And if you do make temporary lockouts, I would make the time depended on the amount of lockouts. One example might be: first lockout for 1 minute after 5 failed attempts, second lockout for 2 minutes after 3 more failed attempts, third lockout for 5 minutes after 3 more failed attempts.

[*] block users by IP/other identifying data, captchas after x wrong attempts, reasonable password policy, etc.

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    It seems like a good idea to me. Note they're not forcing people to reset passwords, they're allowing and encouraging people who have failed to log in repeatedly to do so, during the security-mandated lock period. Resetting a password isn't fun, but it's quicker and easier than waiting minutes or hours for a lock to expire, or calling customer services - but those options are still available for users not in a hurry. – user56reinstatemonica8 Feb 27 '15 at 9:37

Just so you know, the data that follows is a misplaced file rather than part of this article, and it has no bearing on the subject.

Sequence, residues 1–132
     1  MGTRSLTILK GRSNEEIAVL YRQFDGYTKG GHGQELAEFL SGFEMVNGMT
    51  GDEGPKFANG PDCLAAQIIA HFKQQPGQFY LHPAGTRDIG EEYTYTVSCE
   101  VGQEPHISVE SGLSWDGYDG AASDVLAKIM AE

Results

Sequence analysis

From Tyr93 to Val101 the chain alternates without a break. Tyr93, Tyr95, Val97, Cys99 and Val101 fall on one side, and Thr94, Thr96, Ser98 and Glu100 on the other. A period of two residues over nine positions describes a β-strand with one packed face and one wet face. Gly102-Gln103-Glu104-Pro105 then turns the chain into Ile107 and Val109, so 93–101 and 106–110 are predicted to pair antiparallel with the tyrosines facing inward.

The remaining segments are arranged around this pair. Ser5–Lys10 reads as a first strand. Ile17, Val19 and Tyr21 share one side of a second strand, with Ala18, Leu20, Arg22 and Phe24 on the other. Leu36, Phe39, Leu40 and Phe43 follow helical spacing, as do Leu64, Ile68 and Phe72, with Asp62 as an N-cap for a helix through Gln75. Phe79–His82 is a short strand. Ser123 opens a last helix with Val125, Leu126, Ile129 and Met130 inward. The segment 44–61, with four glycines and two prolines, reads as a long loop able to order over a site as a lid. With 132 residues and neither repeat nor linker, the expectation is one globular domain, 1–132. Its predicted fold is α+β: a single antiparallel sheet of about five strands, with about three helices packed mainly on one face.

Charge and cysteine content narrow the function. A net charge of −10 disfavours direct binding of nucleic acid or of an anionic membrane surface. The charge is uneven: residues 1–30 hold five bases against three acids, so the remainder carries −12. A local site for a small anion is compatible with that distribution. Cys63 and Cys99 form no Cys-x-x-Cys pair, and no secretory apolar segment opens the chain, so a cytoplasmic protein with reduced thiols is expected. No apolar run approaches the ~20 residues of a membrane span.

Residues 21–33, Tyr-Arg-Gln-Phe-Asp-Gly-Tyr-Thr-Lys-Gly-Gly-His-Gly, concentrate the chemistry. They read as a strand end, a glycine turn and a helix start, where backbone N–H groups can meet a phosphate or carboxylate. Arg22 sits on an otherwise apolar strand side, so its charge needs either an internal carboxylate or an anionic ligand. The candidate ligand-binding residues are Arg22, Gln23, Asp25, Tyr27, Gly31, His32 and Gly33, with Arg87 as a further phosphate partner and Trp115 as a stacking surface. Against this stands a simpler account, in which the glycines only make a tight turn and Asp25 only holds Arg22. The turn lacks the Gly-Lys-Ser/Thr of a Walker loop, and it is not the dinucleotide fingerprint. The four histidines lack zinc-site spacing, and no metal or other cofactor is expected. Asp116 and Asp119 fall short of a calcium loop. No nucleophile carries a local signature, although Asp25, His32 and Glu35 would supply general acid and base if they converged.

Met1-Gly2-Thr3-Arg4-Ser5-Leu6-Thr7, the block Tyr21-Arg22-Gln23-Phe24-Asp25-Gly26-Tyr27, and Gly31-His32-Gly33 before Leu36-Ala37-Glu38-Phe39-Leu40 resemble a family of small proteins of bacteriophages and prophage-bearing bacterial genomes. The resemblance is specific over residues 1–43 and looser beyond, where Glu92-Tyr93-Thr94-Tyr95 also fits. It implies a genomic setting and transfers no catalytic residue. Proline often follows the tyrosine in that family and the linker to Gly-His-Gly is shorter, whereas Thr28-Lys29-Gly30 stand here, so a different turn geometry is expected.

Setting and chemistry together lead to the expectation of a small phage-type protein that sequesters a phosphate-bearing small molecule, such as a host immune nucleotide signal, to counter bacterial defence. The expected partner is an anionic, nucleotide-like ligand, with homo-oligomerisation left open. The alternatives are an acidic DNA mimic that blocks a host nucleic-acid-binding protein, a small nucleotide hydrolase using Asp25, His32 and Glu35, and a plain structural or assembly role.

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While I agree that this is probably better suited for the Security SE, there is a user experience aspect to consider.

What is it that you're protecting? What true value does your site hold for its users?

If I enter my password wrong on my banking website and am locked out for 24 hours, I am annoyed, but also a bit relieved that the security surrounding such important information is solid. Part of me is grateful that my bank is taking extra steps to protect my information.

Now, if I were to be locked out of my Reddit account for 24 hours because of too many password attempts, that would actually be more annoying. I don't see my Reddit account as a valuable asset, and therefore don't understand why it should be under such lock and key.